Into a saucepan
put half a pint of milk, two well-rounded
tablespoonfuls of butter, and one tablespoonful of
sugar, and place on the stove. When this boils up,
add half a pint of sifted flour, and cook for two
minutes, beating well with a wooden spoon. It will
be smooth and velvety at the end of that time. Set
away to cool; and when cool, beat in four eggs, one
at a time. Beat vigorously for about fifteen
minutes. Try a small bit of the paste in the oven;
and if it rises in the form of a hollow ball, the
paste is beaten enough; whereas, if it does not,
beat a little longer.
Have tin sheets or shallow
pans slightly buttered. Have ready, also, a tapering
tin tube, with the smaller opening about
three-quarters of an inch in diameter. Place this in
the small end of a conical pastry bag. Put the
mixture in the bag, and press out on buttered pans,
having each éclair nearly three inches long. There
should be eighteen, and they must be at least two
inches apart, as they swell in cooking. Bake in a
moderately hot oven for about twenty-five minutes.
Take from the oven, and while they are still warm
coat them with chocolate. When cold, cut open on the
side, and fill with either of the following
FILLING NO. 1:
Mix in a bowl half a pint of rich cream, one
teaspoonful of vanilla, and four tablespoonfuls of
sugar. Place the bowl in a pan of ice-water, and
beat the cream until light and firm, using either an
egg-beater or a whisk. FILLING NO. 2:
Put half a pint
of milk into a double-boiler, and place on the fire.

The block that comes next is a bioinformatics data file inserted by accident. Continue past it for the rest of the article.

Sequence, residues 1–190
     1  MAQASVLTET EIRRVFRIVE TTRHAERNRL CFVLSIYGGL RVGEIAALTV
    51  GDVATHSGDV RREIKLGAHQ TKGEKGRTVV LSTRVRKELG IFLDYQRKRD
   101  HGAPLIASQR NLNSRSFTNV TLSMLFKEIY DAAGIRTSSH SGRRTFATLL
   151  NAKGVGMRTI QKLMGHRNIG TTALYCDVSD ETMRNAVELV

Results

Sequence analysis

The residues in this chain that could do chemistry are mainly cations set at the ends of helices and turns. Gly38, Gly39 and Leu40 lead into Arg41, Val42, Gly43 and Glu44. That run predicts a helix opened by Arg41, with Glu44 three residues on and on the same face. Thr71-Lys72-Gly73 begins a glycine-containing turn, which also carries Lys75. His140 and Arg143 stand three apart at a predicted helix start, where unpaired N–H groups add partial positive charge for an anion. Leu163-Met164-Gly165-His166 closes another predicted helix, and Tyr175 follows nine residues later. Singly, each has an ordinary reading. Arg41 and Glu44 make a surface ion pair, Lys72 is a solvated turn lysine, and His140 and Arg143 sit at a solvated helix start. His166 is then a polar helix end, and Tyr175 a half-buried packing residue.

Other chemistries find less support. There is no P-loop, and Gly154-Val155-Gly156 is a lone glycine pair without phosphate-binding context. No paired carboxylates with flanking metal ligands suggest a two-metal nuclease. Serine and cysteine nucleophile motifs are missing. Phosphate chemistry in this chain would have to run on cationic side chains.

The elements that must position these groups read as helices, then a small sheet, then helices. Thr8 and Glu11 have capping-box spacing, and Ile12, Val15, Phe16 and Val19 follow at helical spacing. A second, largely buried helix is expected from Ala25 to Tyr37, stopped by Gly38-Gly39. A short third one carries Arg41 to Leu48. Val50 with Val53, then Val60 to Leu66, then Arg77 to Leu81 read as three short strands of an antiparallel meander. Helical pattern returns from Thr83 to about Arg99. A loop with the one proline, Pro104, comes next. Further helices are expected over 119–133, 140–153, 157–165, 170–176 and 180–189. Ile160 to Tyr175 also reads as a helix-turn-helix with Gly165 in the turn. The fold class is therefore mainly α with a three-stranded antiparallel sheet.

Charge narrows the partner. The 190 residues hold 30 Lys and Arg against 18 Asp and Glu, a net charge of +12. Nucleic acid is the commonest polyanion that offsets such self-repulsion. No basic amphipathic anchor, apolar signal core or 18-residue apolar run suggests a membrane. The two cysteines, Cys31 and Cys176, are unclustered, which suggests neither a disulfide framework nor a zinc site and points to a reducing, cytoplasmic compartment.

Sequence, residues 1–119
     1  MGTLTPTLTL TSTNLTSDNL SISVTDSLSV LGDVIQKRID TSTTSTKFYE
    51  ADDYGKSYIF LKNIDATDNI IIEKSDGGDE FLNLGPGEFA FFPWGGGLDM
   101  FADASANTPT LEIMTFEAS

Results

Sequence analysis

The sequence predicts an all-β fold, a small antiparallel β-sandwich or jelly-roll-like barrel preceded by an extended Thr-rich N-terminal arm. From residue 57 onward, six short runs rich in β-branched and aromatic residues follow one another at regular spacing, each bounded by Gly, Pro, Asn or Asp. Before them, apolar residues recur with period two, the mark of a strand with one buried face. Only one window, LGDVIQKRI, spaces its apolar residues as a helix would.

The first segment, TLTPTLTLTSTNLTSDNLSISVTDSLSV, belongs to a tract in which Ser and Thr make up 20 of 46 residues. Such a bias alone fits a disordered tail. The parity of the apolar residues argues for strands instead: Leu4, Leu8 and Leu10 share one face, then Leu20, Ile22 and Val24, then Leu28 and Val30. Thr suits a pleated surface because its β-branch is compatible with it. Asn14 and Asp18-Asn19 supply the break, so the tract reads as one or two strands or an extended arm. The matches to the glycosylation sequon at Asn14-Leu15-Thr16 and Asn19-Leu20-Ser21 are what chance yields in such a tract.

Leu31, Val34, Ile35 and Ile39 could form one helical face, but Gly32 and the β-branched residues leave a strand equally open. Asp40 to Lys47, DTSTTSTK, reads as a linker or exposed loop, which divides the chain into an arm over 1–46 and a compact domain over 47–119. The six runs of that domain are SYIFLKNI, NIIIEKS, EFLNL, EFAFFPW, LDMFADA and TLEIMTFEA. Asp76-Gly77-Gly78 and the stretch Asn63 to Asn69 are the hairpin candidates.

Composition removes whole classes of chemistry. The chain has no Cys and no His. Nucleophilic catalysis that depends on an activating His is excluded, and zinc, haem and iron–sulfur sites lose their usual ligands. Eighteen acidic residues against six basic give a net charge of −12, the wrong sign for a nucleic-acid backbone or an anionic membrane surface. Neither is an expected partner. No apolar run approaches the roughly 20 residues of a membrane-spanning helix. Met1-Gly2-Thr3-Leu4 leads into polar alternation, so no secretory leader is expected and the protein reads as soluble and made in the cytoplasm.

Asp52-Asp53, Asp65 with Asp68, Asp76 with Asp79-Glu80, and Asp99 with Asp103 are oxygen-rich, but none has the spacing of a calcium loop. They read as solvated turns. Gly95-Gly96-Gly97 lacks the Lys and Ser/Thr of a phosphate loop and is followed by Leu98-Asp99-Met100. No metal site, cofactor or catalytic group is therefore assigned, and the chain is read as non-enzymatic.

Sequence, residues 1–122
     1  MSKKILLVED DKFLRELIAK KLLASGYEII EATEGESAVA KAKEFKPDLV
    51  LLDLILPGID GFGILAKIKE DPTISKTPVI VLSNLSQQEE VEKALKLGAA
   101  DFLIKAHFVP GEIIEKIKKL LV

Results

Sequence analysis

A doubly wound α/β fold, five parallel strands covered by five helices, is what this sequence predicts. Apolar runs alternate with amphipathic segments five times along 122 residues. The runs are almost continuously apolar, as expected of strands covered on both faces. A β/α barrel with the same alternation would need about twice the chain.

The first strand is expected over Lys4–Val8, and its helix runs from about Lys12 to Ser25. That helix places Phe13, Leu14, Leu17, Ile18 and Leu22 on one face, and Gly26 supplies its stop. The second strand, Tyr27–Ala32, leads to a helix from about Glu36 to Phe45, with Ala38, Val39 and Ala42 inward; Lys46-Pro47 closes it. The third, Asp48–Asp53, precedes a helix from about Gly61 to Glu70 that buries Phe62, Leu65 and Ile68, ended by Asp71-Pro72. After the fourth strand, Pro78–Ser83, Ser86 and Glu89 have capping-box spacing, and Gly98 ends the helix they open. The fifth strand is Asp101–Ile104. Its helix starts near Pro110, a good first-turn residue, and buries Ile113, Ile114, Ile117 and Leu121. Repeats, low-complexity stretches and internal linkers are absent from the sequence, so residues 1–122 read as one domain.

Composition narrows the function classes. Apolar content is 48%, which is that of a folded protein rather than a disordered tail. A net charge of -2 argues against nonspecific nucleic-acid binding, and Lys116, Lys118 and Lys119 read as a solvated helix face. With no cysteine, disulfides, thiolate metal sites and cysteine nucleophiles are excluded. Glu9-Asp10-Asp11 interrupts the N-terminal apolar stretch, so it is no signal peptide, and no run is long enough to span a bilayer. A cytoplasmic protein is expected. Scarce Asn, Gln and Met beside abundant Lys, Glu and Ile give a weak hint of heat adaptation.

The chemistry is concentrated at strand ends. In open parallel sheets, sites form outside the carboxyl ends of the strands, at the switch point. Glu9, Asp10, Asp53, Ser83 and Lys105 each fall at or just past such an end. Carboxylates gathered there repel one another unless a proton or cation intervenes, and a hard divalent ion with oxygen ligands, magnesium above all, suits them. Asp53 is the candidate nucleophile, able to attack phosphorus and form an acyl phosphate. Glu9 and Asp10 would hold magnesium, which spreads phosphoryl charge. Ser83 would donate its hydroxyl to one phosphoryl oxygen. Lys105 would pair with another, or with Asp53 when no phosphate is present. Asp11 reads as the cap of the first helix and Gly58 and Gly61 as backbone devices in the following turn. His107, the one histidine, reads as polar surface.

Beat together until very light one level
tablespoonful of flour, half a cupful of sugar, and
one egg. When the milk boils, stir in this mixture.
Add one-eighth of a teaspoonful of salt, and cook
for fifteen minutes, stirring often. When cold,
flavor with one teaspoonful of vanilla. ICING FOR ÉCLAIRS:
Put in a small pan
half a pint of sugar and five tablespoonfuls of cold
water. Stir until the sugar is partially melted, and
then place on the stove, stirring for half a minute.
Take out the spoon, and watch the sugar closely. As
soon as it boils, take instantly from the fire and
pour upon a meat-platter. Let this stand for eight
minutes. Meantime, shave into a cup one ounce of Baker's Chocolate,
and put it on the fire in a pan of boiling water. At
the end of eight minutes stir the sugar with a
wooden spoon until it begins to grow white and to
thicken. Add the melted chocolate quickly, and
continue stirring until the mixture is thick. Put it
in a small saucepan, and place on the fire in
another pan of hot water. Stir until so soft that it
will pour freely. Stick a skewer into the side of an
éclair, and dip the top in the hot chocolate. Place
on a plate, and continue until all the éclairs are "glacéd."
They will dry quickly. Do not stir the sugar after
the first half minute, and do not scrape the sugar
from the saucepan into the platter. All the
directions must be strictly followed.
Excerpt from:"Chocolate and Cocoa Recipes" and "Home Made
Candy Recipes" published by Walter Baker & Co.,
There are four fundamental materials which form the corner stones of the edifice of cake baking— flour, butter, sugar & eggs. With these alone, used in different proportions, a countless variety of savory and delicious cake recipes can be attained.